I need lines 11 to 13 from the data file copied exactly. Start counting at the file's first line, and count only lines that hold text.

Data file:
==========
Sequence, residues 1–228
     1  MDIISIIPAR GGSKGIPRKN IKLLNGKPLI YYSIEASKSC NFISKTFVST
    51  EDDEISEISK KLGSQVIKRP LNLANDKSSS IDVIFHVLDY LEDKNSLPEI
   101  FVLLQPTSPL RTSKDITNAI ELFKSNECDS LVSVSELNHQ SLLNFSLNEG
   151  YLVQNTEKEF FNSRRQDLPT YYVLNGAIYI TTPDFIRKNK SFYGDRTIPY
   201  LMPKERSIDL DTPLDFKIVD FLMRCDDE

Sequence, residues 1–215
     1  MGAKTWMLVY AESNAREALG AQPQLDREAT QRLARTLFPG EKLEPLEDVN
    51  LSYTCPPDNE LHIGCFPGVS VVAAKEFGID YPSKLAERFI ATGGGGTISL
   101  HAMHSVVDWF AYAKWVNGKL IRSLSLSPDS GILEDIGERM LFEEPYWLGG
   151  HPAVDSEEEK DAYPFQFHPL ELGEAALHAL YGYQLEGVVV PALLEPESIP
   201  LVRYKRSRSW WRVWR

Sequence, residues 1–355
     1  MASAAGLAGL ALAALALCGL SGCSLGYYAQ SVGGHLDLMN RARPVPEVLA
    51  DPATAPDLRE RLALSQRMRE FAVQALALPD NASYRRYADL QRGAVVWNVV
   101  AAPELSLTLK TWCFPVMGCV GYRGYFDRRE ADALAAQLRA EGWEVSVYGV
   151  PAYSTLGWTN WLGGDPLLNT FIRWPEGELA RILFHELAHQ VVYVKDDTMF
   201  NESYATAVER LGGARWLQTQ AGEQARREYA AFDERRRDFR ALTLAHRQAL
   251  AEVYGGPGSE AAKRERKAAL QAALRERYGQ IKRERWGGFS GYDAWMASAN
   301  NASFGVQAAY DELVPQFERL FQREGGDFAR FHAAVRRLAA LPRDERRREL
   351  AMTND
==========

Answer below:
   151  HPAVDSEEEK DAYPFQFHPL ELGEAALHAL YGYQLEGVVV PALLEPESIP
   201  LVRYKRSRSW WRVWR

Sequence, residues 1–355